In the world of modern day gaming, roguelike and roguelite games seem to be popping out as often as chapters of ONE PIECE. Since The Binding of Isaac surprised us and made the genre more accessible to gamers, other indie teams have tried to throw their hat into the fray. Space Robinson is a cute roguelike that borrows elements from many previous entries in the genre before it, and yet it also does its own thing which creates a unique and fun experience.
But how does a game like Space Robinson match up with its long list of peers? Is this the next roguelike to take the gaming world by storm? Or is M3-B9 G.U.N.T.E.R. going to pop up on the screen and warn, “DANGER, SPACE ROBINSON!” (Sorry. That joke was too easy.) Well, let’s find out!
Like many roguelikes, Space Robinson starts you off in a mini-tutorial of sorts. You are cruising in a space craft when all of a sudden things start to fail. You crash land on some unknown planet, and you are simply relieved that you are alive. As you move through this crash site, you pick up tips on how to play, but it is as minimal of a tutorial as you can get. Learning to use your melee weapon, shoot guns, and dash are key to success, so this is where the tutorial focuses most.
This does a decent job getting you prepared for the road ahead, but I would have appreciated a bit more introduction to bases, powerups, and energy, especially since those three are major areas of the game that seem to be learned more about on your own.
At the end of the tutorial, you learn about day and night cycles, which is an interesting mechanic, although it feels more like a nuisance throughout gameplay than a unique idea in execution. At first, I enjoyed it, but after a while of playing through, I just found simple strategies to burn the time or avoid the night segments all-together.
When you finally arrive at Colony 21, your home base for the game, for the first time, you will be absolutely confused by all of the different rooms, machines, and iconography displayed. After numerous times playing through the game, more of Colony 21 opens up as you collect more energy and special items. The home base is great, but I do have a problem that I will get into later.
Space Robinson’s core game plays very similarly to others like it on the market. You use twin-stick controls to determine your trajectory for both melee and projectile weapons, and health is a commodity that is of the greatest value. Using the game’s dash ability is vital, and learning to bob and weave incoming projectiles will help keep you alive and hold on to more health.
Areas are usually split up into three to four stages, where the first two or three areas serve as basic stages where you get from point A to point B, while the final stage is a horde mode of sorts where waves of enemies come at you. I was a bit disappointed with the final stages, as I was naturally expecting some big ol’ randomized boss fight, but all you face is a gauntlet of enemies that you have already been facing previously.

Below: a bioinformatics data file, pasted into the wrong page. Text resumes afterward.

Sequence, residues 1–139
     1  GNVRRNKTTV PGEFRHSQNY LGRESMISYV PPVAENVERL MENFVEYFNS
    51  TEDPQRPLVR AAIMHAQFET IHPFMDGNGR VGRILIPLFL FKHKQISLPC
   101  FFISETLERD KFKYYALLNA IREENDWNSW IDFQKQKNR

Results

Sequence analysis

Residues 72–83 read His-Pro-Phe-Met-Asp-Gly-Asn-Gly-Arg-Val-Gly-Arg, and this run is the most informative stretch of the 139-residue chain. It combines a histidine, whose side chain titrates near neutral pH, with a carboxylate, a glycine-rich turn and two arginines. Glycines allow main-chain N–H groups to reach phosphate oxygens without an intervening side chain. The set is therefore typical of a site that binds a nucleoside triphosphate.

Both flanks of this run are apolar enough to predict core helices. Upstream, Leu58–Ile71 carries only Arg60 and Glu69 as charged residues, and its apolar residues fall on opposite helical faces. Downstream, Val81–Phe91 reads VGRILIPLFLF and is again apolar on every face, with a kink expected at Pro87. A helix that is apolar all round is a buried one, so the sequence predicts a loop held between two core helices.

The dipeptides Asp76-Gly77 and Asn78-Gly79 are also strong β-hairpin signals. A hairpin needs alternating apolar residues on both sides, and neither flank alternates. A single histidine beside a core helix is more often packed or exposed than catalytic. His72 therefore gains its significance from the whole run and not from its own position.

In between areas, you will arrive at outposts that lead to the next area, and these serve as mini-bases that have their own little upgrades. I found this to be quite odd, because the game expects you to invest precious materials not only at Colony 21 but also at these separate outposts. Granted, the investment in the outposts is significantly smaller, but it just feels like an unnecessary extra thing to do.
Another strange flaw is the rarity of artifacts. Each stage in an area, including the horde mode stage, offer three items somewhere that you can pick-and-choose from, but that is the only perk you can get in each stage. Random item drops rarely-to-never happen, and I think this is why I longed for a boss fight, since a fight like that would clearly reward you with something epic, right? (Seriously. I played this game for many, many hours and only got animals a handful of times, and they are the best! Seriously. Little doggies that transform and eat the aliens whole and flying pigs that deflect projectiles? Give me more of these!)
Instead, what we have are these mini-bosses somewhere in the middle of an area (Stage 2 or 3) that are totally optional to kill, and they only reward you with bullets, health, and possibly a new gun. In general, rewards from killing enemies just feels minimal, and by result speedrunning through stages is a legitimately good strategy for those that want to get to the horde mode waves quicker, specially if you have decent enough perks.
One thing that Space Robinson does PERFECTLY, though, is the absolutely banging soundtrack. Every single track gets my blood pumping and inspires me to start killing all of these baddies, and even the colony and outposts offer a great change of pace that flows perfectly well with the rest of the soundtrack. There is something about great music that can turn a mediocre game into a really good one, and Space Robinson is a perfect example of this.
All in all, the game offers a lot of potential gameplay, and the two different difficulty modes as well as the ability to upgrade Colony 21 just adds a whole lot more to the experience. Is it worth your time and energy, though? I think so, although I do believe there are significantly better roguelikes out there that have set the standard for the genre.
But if you are looking for something a bit different with a killer soundtrack to help drive you through it all, Space Robinson has your back. It may not be the best of its kind, but it is still fun and offers a lot.
Cute visuals and cuter animals.
Loads of gameplay.
Lack of bosses.
Poor reward system, lack of artifact drops.
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My name is Jason Capp. I am a husband, father, son, and brother, and I am a gamer, a writer, and a wannabe pro wrestler. It is hard to erase the smile on this simple man.